DC Animated Universe
Arkham Asylum

Arkham Asylum under Gotham's blood red sky.

Arkham Asylum was a dark and gloomy facility for the criminally insane in the Somerset District of Gotham City.


The asylum resembled a prison more than a sanatorium. In addition to the insane, Arkham was also specially equipped to house prisoners with unique medical or environmental needs, who could not be otherwise incarcerated in Stonegate Penitentiary. For instance, Victor Fries, who could not survive outside of a sub-zero environment, was housed in a special freezer cell that allowed him to survive without his special cold suit.

Arkham was notorious as the "home" of many of Batman's greatest foes, and was reputed to have both airtight security and some of the world's best psychological experts on staff. However, over time, both of these claims have proven to be false. In addition to few improvements in patients' conditions, inmates were constantly escaping, and at least two staff members—Dr. Harleen Quinzel[1] and Lyle Bolton[2]—are known to have been driven insane and later became inmates themselves.

The structure was built on top of a large underground cavern, and took its water from a river flowing beneath it.[3]

On one occasion, the inmates of Arkham staged a takeover of the asylum and used one of the operating theatres as a mock-courtroom, to hold a "trial" of a captured Batman.[4]

According to Barbara Gordon, the asylum's inmates, staff and facilities were relocated to a newer, more modern facility elsewhere sometime before the 2010s-2030s. While the old asylum was partially demolished, the rest was allowed to decay. The ruins of the old asylum were the site of the last, worst confrontation between Batman and the Joker, which the latter did not survive after being killed by the disfigured and brainwashed Robin, whom he kidnapped, tortured and operated on for three weeks. His remains were buried, secretly, under Arkham. Harley Quinn was also thought to have possibly died from a fall in the ruins, but as her body was never recovered the heroes believed years later that she could still be alive as they were, but harmless. Unknown to them, this hypothesis was correct.[5]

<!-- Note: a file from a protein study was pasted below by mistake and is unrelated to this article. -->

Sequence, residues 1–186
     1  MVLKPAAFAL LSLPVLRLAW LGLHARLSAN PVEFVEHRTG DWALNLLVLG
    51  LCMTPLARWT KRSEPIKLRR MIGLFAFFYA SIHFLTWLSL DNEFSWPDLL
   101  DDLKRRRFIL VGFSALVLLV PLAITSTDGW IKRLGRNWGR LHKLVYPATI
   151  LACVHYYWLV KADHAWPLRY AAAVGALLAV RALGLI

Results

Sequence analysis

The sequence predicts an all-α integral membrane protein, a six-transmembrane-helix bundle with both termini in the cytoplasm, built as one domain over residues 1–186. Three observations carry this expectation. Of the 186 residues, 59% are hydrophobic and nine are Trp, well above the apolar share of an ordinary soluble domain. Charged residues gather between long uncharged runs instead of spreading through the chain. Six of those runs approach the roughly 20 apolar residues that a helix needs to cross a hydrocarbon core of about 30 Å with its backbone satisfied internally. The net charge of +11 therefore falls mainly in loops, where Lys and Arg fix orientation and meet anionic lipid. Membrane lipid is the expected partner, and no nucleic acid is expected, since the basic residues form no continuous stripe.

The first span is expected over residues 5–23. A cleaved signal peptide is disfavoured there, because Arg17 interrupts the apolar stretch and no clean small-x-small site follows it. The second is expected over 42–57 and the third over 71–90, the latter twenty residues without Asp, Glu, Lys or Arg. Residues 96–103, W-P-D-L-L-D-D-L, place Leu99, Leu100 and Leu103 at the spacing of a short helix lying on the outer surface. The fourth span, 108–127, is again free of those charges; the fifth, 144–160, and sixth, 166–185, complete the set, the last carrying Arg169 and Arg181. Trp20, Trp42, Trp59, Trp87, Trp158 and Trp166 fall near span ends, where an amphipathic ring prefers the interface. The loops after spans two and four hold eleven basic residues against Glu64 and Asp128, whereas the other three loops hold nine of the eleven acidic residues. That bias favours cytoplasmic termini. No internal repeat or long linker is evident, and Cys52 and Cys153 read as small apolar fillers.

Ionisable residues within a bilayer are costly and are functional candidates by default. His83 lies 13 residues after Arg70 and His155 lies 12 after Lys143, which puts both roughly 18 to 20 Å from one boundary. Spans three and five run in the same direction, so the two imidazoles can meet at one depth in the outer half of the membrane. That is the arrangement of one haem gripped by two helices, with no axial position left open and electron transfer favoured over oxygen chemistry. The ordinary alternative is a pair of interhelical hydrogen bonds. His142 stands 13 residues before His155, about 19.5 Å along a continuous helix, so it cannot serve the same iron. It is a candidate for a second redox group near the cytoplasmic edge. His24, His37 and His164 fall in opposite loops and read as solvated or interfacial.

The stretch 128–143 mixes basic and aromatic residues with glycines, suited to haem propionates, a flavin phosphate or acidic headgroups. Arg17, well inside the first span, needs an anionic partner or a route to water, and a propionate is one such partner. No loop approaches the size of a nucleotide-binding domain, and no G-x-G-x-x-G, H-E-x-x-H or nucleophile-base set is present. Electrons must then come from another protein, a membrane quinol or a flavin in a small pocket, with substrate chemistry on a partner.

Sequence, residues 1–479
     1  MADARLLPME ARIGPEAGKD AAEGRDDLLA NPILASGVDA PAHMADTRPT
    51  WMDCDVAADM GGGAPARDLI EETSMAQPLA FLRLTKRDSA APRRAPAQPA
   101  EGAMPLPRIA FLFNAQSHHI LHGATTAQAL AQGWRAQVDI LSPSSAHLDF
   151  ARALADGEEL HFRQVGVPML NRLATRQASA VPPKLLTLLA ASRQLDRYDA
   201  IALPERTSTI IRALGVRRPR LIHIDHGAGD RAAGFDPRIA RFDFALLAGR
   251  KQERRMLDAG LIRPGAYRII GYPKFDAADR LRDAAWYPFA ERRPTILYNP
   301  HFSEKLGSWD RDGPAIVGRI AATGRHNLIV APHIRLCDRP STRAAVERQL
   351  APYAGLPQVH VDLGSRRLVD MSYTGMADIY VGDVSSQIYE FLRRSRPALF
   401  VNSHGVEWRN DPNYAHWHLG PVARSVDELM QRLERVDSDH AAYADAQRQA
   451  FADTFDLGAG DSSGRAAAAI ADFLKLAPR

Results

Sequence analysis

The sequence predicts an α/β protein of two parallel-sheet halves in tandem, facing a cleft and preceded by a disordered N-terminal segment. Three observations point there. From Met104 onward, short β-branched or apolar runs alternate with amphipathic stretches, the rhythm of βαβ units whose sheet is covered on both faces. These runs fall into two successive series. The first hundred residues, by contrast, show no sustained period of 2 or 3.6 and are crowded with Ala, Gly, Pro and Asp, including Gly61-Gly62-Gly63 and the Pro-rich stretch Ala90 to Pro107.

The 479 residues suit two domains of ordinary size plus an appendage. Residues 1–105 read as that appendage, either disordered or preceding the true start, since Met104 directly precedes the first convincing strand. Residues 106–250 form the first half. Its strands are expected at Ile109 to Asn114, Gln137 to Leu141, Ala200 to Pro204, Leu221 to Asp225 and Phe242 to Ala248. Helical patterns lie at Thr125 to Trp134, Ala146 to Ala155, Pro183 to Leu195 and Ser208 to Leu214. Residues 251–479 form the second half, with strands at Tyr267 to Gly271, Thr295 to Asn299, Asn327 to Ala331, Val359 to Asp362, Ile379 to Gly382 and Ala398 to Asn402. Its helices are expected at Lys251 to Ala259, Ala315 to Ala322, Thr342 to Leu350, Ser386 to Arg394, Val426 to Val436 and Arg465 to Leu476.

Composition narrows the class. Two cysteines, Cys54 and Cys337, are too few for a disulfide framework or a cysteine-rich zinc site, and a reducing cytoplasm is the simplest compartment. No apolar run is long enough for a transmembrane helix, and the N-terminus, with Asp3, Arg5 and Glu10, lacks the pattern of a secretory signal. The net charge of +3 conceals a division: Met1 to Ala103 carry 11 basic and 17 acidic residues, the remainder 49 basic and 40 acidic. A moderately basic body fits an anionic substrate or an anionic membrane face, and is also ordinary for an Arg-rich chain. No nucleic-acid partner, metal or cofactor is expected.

Alternate Universe[]

In the Justice Lords' alternate universe, the asylum was run by a lobotomized version of the Joker and was protected by robotic copies of Superman. The entire inmate population was lobotomized by their world's Superman's heat vision.

Staff Members[]

Known Inmates[]


  1. 1.0 1.1 Dini, Paul (writer) & Dini, Paul, Timm, Bruce (story) & Lukic, Butch (director) (January 16, 1999). "Mad Love". The New Batman Adventures. Episode 11 (airdate). Episode 21 (production). Season 2. Kids WB!.
  2. 2.0 2.1 Dini, Paul (story) & Isenberg, Marty, Skir, Robert N. (teleplay) & Riba, Dan (director) (November 19, 1994). "Lock-Up". The Adventures of Batman & Robin. Season 3. Episode 9 (airdate). Episode 82 (production). FOX Kids.
  3. Reeves-Stevens, Judith, Reeves-Stevens, Garfield (writers) & Sebast, Dick (director) (November 3, 1992). "Dreams in Darkness". Batman: The Animated Series. Season 1. Episode 31 (airdate). Episode 28 (production). FOX Kids.
  4. 4.0 4.1 Dini, Paul, Timm, Bruce W. (story) & Dini, Paul (teleplay) & Riba, Dan (director) (May 16, 1994). "Trial". Batman: The Animated Series. Season 2. Episode 9 (airdate). Episode 68 (production). FOX Kids.
  5. 5.0 5.1 Burnett, A., Dini, P., Timm, B., Murakami, G. (Producers), & Geda, C. (Director). (2000). Batman Beyond: Return of the Joker. United States: Warner Bros. Animation.
  6. Dini, Paul (writer) & Kirkland, Boyd (director) & November 19, 1992). "Joker's Wild". Batman: The Animated Series. Season 1. Episode 42 (airdate). Episode 41 (production). FOX Kids.
  7. Bader, Hilary J., Burnett, Alan (writers) & Geda, Curt (director) (February 14, 1999). "Meltdown". Batman Beyond. Season 1. Episode 5 (airdate). Episode 7 (production). Kids WB!.